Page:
Grant Cohn: 49ers' red-zone failures are a product of Shanahan's approach
SANTA CLARA – Kyle Shanahan doesn’t understand the problem with the 49ers’ red-zone offense. The problem is him.
He thinks his players are the issue. He blamed them on Monday, said they “missed opportunities” he created in the red zone during the 49ers’ 24-16 loss to the Minnesota Vikings.
The 49ers may have missed opportunities Sunday when they scored only one touchdown in four red-zone trips. But, their red-zone issues began way before that. They started when Kyle Shanahan became the head coach. He is the constant in this red-zone equation.
And he won’t do the math. He’s in denial.
“Last year, I think we got better in the red zone as the year went,” Shanahan said Monday.
They didn’t. They got worse. The 49ers’ red-zone-touchdown percentage dropped to 45.5, which put them near the bottom of the league, after Jimmy Garoppolo became the starter Week 13. Before Garoppolo was the starter, the 49ers scored touchdowns 48.2 percent of the time they reached the red zone, which also ranked near the bottom of the league.
Garoppolo is much more talented than his predecessors – Brian Hoyer and C.J. Beathard. Yet, the red-zone offense got worse with Garoppolo. The onus is on Shanahan.
Shanahan is an offensive guru. Some consider him the best offensive coach in the league. How can he make getting to the red zone look so easy and scoring in the red zone look so difficult?
“It’s just the same for every other team in the NFL,” Shanahan lectured. “It gets harder the tighter you get. It always does. That’s every team.”
True. But, it gets especially hard for Shanahan.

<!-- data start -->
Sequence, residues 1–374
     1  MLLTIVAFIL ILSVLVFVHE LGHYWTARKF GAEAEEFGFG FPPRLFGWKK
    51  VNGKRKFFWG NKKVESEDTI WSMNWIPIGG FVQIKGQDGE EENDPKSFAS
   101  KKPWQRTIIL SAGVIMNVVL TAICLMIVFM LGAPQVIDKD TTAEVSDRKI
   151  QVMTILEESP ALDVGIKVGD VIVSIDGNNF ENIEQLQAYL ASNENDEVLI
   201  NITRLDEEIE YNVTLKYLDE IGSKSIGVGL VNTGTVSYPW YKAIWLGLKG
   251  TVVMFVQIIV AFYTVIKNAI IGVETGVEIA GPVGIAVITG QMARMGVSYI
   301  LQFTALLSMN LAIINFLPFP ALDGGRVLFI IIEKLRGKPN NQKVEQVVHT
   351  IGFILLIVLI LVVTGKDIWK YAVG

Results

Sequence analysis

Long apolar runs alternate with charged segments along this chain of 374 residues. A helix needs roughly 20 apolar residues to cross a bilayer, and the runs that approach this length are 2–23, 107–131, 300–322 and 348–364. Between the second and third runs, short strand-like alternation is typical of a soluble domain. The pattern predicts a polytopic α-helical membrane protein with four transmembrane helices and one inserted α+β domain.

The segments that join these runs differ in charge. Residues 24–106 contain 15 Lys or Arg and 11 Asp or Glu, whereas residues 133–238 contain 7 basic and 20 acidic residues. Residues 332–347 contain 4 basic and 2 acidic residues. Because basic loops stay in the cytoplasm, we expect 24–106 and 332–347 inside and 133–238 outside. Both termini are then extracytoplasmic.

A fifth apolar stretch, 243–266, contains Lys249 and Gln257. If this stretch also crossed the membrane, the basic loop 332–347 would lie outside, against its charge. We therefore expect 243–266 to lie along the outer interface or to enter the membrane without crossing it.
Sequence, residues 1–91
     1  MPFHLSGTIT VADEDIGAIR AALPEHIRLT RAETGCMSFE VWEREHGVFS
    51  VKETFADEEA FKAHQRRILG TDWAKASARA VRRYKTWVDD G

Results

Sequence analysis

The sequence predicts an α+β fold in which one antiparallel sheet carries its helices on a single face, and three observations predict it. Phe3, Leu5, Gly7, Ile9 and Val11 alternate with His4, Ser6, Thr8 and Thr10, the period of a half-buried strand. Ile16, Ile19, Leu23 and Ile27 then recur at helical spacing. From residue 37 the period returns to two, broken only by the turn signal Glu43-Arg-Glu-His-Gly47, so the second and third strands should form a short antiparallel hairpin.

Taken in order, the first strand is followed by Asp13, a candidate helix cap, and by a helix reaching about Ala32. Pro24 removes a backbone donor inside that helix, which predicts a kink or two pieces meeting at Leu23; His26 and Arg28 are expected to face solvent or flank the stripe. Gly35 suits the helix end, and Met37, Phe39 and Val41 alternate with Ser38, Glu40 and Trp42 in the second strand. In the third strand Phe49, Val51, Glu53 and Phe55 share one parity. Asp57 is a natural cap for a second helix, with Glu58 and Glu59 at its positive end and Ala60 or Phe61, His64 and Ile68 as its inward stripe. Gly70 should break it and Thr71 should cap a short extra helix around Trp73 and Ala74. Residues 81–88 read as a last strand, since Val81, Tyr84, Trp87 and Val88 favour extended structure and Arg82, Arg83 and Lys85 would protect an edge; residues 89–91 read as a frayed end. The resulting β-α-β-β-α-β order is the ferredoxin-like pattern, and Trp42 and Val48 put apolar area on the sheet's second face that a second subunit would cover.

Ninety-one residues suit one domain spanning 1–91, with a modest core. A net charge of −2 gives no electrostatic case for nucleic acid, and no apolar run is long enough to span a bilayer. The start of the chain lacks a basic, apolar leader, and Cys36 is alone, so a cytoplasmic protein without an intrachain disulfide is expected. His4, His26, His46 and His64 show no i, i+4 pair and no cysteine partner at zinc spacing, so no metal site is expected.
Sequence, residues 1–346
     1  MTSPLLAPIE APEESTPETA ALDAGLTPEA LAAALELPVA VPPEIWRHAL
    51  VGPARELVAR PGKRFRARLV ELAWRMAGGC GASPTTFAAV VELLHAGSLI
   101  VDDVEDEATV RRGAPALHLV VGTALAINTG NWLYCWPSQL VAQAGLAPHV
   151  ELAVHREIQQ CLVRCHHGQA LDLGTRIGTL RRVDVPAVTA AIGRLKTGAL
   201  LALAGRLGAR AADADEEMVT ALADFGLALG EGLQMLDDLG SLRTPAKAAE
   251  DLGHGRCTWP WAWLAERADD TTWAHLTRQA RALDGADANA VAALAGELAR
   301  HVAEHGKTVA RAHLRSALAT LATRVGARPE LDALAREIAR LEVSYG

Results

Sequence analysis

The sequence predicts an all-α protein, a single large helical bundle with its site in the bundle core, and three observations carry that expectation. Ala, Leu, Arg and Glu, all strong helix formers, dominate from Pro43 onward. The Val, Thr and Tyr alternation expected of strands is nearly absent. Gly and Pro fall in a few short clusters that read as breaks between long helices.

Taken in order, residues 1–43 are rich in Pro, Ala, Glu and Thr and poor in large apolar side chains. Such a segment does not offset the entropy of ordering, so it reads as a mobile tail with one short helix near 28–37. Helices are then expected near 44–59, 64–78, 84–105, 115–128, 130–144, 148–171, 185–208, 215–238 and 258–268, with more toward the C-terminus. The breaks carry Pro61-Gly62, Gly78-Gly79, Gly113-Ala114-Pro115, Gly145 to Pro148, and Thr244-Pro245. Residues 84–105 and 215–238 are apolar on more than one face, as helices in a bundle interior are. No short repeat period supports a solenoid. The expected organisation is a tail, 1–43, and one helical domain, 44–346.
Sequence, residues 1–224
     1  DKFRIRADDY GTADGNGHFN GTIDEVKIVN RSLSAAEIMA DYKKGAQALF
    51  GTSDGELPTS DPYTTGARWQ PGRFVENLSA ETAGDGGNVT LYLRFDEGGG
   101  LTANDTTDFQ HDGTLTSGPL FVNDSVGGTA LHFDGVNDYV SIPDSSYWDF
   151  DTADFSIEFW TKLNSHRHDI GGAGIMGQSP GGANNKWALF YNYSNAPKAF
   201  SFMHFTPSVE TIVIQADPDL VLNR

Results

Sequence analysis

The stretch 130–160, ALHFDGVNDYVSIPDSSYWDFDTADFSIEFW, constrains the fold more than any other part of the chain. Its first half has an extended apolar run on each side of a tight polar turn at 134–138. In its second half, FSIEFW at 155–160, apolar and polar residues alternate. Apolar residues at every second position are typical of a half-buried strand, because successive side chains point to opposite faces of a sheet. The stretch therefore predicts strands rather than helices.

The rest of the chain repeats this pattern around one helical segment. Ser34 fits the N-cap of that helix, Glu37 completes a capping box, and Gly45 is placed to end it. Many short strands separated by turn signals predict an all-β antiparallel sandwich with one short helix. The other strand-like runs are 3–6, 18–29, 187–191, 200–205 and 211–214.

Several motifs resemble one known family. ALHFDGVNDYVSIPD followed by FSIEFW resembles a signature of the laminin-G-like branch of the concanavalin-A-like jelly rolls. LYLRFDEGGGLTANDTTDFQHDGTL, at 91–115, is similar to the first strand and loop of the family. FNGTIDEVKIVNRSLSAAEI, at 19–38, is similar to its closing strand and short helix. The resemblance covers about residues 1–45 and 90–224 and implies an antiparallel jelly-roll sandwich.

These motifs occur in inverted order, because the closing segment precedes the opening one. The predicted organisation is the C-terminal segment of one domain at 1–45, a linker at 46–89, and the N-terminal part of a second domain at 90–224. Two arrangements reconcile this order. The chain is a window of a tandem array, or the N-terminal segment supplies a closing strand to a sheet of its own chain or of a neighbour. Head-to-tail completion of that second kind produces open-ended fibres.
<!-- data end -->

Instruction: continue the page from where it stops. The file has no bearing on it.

He has been a play caller and an offensive coordinator for 10 seasons. During that time, his red-zone offenses have ranked in the top half of the league just three times. He has a history of failure near the goal line.
“You try to get guys as open as possible,” Shanahan explained. “When people aren’t open I always look at myself. Yeah, you need guys to beat man coverage, and those are the type of guys we want here, and I think our guys have done a good job at beating man coverage, but we always look into that.”
He’s looking into the wrong things.
Here are the real reasons Shanahan’s offense underperforms in the red zone.
1. Shanahan doesn’t run the ball enough in the red zone.
Notice Shanahan talked about getting people open and beating man coverage.
He’s too focused on passing. The 49ers need to run the ball more. Last season, they ran 26 times fewer than they passed in the red zone. A huge imbalance, one of the most imbalanced red-zone attacks in the league.
The best red-zone offenses commit to the ground game. Of the 10 teams that scored the most touchdowns in the red zone last season, seven ran more than they passed in that area of the field.
Smart coaches want to run the ball.
Gurus want to pass.
Completing a pass into the end zone shows the guru’s ingenuity. He designed a play that outsmarted the other team. He was the hero.
Running the ball into the end zone does not show ingenuity. It shows the strength, toughness and will of the players. They were the heroes.